Report of a Japanese Doctor Conducting Mobile Clinic Activities in Zambia
On Thursday, 23 May 2019, Mr. Hidenobu Sobashima, Ambassador of Japan to the Republic of Zambia, received her activity report from Dr. Kayoko Yamamoto, Deputy Director and Zambia Office Representative, Organization to support Rural Medicine in Zambia (ORMZ). The report dwelt upon the activities after ORMZ received the donation of a Toyota Land Cruiser from Toyota Zambia and Hitachi Construction Machinery Zambia on 1 April 2019 (Please refer to the article uploaded on 11 April on this website).
Dr. Yamamoto started mobile clinic activities in Luano area in Chisamba District, Central Province in 2011, and ORMZ was established in 2012 to support her activities. Up until the end of 2018, she had conducted medical examination and treatment to over 30,000 people in Luano, Nyankanga, Sandala and other areas in Chisamba District, and Liteta area in Luano District.
As ORMZ’s car broke down, under severe road conditions, the above-memtioned Japanese companies donated a car to the organization on 1 April. Dr. Yamamoto reported to Ambassador Sobashima her activities after receiving the new car, whose summary is as follws:
“On 10 April, we conducted mobile clinic activities in Luano area, Chisamba District. The trip to the site was comfortable due to the air conditioning of the car and the car did not allow the dust from entering it. We examined 95 patients. Out of 93 patients, 9 (9.7%) were found suffering from malaria.
On 17 April, we had planned to conduct mobile clinic activities at Nyankanga area, Chisamba District, accompanied by five medical students from Mie University and Fujita Health University, but we ended up with giving it up, as our car was not able to cross the river very close to the destination, due to its flooding. I felt sorry for the students.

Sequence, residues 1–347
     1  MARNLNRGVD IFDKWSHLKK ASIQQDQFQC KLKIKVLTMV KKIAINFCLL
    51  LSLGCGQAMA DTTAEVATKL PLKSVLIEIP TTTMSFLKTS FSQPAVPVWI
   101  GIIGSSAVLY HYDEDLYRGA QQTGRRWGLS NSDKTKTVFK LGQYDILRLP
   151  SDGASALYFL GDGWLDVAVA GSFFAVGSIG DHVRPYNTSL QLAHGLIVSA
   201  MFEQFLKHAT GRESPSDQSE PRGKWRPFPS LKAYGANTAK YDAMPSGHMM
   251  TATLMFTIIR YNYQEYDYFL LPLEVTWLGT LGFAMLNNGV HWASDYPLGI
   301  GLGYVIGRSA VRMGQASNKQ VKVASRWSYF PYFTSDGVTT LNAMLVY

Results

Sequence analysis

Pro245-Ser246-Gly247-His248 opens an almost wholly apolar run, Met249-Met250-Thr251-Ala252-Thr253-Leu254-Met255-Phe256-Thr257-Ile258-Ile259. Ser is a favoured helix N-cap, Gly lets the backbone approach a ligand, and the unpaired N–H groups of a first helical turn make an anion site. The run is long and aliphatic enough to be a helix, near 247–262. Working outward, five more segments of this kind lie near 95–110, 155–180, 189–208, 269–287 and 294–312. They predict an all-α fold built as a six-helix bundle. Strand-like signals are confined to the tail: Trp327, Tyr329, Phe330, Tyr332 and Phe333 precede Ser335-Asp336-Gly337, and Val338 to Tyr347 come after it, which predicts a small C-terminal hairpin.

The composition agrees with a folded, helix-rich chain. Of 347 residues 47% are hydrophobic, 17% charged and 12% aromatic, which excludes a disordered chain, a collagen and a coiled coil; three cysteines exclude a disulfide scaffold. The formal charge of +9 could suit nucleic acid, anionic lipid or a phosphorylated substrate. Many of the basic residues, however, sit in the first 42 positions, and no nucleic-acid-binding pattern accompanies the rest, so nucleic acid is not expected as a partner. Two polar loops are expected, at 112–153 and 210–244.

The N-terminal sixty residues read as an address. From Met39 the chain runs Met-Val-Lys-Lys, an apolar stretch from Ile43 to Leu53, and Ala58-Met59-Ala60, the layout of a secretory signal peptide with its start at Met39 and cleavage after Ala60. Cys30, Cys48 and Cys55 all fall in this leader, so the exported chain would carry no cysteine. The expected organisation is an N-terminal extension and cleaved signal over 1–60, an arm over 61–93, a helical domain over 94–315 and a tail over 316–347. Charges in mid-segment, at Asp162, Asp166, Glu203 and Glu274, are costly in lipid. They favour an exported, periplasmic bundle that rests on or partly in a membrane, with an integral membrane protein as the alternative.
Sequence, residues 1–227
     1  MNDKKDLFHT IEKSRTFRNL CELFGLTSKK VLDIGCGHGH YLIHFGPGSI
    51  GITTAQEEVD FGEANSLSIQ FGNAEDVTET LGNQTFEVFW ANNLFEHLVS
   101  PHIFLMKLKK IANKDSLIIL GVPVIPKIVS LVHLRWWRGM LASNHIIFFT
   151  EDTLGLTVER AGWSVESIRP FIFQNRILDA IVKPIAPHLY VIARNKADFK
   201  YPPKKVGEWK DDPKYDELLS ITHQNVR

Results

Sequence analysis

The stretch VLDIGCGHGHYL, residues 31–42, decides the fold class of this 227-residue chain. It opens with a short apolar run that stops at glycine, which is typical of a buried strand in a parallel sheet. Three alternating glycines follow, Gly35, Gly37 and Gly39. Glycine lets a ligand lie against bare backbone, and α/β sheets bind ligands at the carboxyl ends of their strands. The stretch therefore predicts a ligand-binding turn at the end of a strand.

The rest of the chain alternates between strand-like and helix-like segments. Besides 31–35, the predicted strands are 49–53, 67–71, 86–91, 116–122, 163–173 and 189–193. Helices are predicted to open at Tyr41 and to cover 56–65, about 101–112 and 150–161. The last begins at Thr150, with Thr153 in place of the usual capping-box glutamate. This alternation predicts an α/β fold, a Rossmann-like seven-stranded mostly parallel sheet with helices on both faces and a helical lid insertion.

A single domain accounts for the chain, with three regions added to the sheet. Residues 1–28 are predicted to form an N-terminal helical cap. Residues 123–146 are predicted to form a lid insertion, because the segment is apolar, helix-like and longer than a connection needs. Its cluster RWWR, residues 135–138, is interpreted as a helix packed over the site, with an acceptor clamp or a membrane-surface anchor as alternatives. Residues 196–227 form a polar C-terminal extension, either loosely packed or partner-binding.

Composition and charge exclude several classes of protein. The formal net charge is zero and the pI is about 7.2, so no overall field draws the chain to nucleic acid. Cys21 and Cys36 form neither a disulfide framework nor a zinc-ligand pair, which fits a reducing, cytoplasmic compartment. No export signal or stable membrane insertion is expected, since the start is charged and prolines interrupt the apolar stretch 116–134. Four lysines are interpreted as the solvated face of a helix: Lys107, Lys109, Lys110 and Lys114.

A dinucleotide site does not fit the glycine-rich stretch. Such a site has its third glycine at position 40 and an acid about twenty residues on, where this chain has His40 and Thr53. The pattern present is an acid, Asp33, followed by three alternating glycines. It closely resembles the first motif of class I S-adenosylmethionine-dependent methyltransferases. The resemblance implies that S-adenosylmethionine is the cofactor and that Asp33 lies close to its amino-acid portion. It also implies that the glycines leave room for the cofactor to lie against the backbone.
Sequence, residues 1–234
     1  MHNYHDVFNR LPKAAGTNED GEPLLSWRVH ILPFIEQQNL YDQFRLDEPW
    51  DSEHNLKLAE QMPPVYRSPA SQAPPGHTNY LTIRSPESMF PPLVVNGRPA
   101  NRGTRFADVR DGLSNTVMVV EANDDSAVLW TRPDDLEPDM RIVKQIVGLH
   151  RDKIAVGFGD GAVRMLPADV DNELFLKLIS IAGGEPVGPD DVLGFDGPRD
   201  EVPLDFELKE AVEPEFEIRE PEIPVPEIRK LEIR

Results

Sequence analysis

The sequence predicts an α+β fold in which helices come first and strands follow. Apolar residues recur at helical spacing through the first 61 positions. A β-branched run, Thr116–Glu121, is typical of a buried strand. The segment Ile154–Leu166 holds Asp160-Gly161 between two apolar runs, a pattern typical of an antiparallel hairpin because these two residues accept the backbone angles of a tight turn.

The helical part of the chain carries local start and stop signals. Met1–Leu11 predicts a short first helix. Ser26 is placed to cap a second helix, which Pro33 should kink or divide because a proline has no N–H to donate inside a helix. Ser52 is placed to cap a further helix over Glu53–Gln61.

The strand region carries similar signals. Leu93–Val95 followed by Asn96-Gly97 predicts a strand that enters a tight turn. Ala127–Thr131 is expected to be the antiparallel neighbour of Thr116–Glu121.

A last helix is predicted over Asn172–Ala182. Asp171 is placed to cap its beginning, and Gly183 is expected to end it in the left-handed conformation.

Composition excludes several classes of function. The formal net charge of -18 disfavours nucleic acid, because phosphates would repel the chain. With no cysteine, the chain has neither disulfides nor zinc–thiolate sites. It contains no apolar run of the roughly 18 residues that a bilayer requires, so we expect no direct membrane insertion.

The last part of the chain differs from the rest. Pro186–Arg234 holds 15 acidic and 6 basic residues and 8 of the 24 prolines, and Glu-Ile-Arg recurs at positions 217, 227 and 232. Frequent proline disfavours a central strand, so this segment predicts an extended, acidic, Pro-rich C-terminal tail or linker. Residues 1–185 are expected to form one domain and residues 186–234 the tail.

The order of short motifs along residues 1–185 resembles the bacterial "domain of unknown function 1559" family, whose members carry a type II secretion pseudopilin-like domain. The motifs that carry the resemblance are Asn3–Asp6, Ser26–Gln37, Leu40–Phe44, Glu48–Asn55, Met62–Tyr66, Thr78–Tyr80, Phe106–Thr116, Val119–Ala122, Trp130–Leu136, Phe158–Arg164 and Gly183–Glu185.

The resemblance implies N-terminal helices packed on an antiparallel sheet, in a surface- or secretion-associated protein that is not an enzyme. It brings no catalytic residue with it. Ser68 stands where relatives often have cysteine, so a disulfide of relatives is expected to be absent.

On 24 April, we conducted mobile clinic activities at Nyankanga area, which we had not been able to reach a week before. We examined 80 patients. Out of 78 patients, 11 (14.1%) were found suffering from malaria. The number of malaria patients is increasing.
On 2 May, we also rented a Pajero, and conducted mobile clinic activities in Sandala area, Chisamba District. We examined 76 patients. Out of 76 patients, 20 (26.3%) were found suffering from malaria. On the way back, the Land Cruiser slipped and was stuck in a river. All of us worked to try various measures, and the car finally made it out after about an hour. Then, we offered to transfer a baby with pneumonia. We returned to Lusaka almost at midnight.
On 8 May, we conducted mobile clinic activities in Luano area, Chisamba District. We examined 109 patients. Out of 108 patients, 21 (19.4%) were found suffering from malaria. I felt that there were no other ways to tackle the situation than providing community health workers with malaria examination kits and medicines.
On 15 May, we conducted mobile clinic activities in Liteta area, Luano District. We left Lusaka at 3:30am with the Land Cruiser and a rented car. We moved along trackless paths while marking a number of trees lest we would lose the way back. The Chairperson of the Neighborhood Health Committee of Liteta area kindly offered his house for use as a temporary clinic. We examined 164 patients. Out of 164 patients, 92 (56.1%), including six pregnant women, were found suffering from malaria. Some families were found that all their family members of 5 to 6 people were malaria positive. Due to the use of the water of the near-by river, 29 people suffered from stomachache and abdominal swelling presumably out of parasitic infection. 11 people suffered from bilharzia with bloody urine. Before we finished our examinations at 7 p.m., we had have recourse to using the car light, the solar light and the flashlight. We rushed to eat nshima, which had been prepared and offered by the residents, and drove the return journey, arriving in Lusaka at 2 a.m. on the next day.
Just like these mentioned in my report above, there are still many areas in Zambia where the closest health centre is located far away, the opportunities for vaccinations are few, and many people die from malaria, among other diseases. What we can do are limited, and it becomes difficult to conduct mobile clinic activities in rainy seasons. Nevertheless I am determined to continue our activities as long as the road conditions would allow it.”
ORMZ conducts its activities with the financial support from those who appreciate its activities and offer their donations. Ambassador Sobashima, for his part, highly commended the activities of ORMZ led by Dr. Yamamoto, and said to her that he would like to explore the possibility for the Embassy of Japan to support the activities of ORMZ.
Activities of ORMZ are shown on the following website.